As the Mississippi River moves through Baton Rouge and snakes toward New Orleans, it passes a strip of land unlike any it encountered previously. This 85-mile stretch along the river is colloquially known as “Cancer Alley” or the “Petrochemical Corridor,” and encompasses about 135 petrochemical plants and many more industrial facilities. These plants dominate the landscape, eating up acres of land, pulling in hundreds of gallons of water from the Mississippi, and discharging industrial waste back into the river and atmosphere. From the expansiveness of these sites, it appears as though they have always stood guard over the river waters. Yet the history of these spaces, often submerged in oil and smog, reveals that this industrial landscape once held quite a different—though no less pernicious—character. Beneath the facilities lies a long history of colonization, expropriation, and slavery. Where plant operators, managers, and technicians now work, enslaved Africans once toiled, forced to work the land and cultivate its crops.
Environmental Archaeology examines the relationship between human behavior and environmental change throughout history. This course looks at the ways in which humans have responded to their environmental circumstances and the ways in which human activities have influenced environmental conditions. Through a combination of lectures, in-class discussion, and self-led research papers, students learn how archaeologists employ methods and theories from a variety of disciplines to explore topics concerning past human/environment interactions. These themes include causes of global climate change, the origins of agriculture and animal domestication, food taboos and colonialism, societal collapse and resilience during environmental change, and Holocene changes in human health, including the origins of modern disease epidemics.
St. Charles Parish hosts one such site. Several of the plantations that once dominated its social and economic spheres became the infamous Shell Norco Manufacturing Complex, one of the largest petrochemical facilities in the country. Yet before industry dominated St. Charles’ landscape, Indigenous populations lived and worked on the land, as local historian Henry Yoes describes in Louisiana’s German Coast. The Native American peoples the Taensas inhabited present-day St. Charles Parish, but the arrival of 17th century French colonists set upon developing an agricultural empire forced the relocation and decimation of Native peoples in the area. In Indigenous peoples’ stead, French colonists erected plantations to raise sugarcane, indigo, and rice, forcing enslaved Africans to perform dangerous and grueling labor. Under the brutal regime of southern slaveholding, African and African-descended peoples worked the parish soils, raising fortunes for planter elites.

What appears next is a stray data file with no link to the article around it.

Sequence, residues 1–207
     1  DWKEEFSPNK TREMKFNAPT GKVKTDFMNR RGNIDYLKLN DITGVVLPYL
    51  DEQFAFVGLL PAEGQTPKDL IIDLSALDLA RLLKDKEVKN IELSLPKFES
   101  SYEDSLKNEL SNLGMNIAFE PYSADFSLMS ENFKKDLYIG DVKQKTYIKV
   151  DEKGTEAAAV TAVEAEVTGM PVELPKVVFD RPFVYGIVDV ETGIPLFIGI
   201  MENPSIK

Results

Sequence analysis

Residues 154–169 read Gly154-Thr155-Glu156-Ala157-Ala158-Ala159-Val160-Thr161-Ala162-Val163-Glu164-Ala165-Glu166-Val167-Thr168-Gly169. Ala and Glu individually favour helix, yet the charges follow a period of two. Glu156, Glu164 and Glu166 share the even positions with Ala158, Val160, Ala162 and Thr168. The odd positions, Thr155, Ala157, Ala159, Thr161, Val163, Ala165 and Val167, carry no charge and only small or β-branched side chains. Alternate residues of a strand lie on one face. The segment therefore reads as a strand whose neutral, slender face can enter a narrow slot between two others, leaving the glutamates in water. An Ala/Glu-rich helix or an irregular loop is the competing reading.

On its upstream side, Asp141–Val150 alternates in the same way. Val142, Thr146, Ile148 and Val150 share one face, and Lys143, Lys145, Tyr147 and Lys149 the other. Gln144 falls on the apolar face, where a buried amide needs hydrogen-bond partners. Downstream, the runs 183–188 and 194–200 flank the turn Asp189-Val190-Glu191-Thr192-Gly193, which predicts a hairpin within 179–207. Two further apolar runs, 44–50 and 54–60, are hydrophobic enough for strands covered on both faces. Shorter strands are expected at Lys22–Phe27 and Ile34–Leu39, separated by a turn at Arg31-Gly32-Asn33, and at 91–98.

This agricultural focus began to change when, in 1914, the New Orleans Item reported that Mexican Petroleum had purchased land on the Destrehan plantation to build a large oil refinery. A short two years later, the newspaper proclaimed that the New Orleans Refining Company bought 366 acres of sugarcane fields from the neighboring Good Hope plantation. With the introduction of the first major petroleum industries into the parish, the character of the landscape began to shift irrevocably.
With the introduction of the first major petroleum industries into the parish, the character of the landscape began to shift irrevocably.
While this transition dramatically altered the landscape’s use and aesthetic, the exploitation of its land and peoples remained consistent. Extracting from the environment, whether in the form of soil nutrients or acreage, defined the planters’ and corporations’ approach to the land. This lens of exploitation similarly carried over to their treatment of the local population, especially African-descended peoples. St. Charles’ Black population suffered the degradations of slavery and coerced labor while agriculture dominated. To this day, their local descendants still bear the brunt of the petrochemical industry’s polluting effects of cancer and chronic illnesses, dirty tap water, and toxin-laden soils with little to no restitution.
The titanic piping and exhaling stacks that preside over St. Charles and the river parishes of the Petrochemical Corridor are therein the latest transformation of a space long characterized by exploitation. The geography of industry overlays that of colonization and slavery, but it does not erase the latter’s lasting impacts. It only lengthens the story. Scholars of these spaces must remain dedicated to both telling this story in its entirety while aiding ongoing efforts to construct a new one within it, one based in the reparation and liberation long owed to these communities.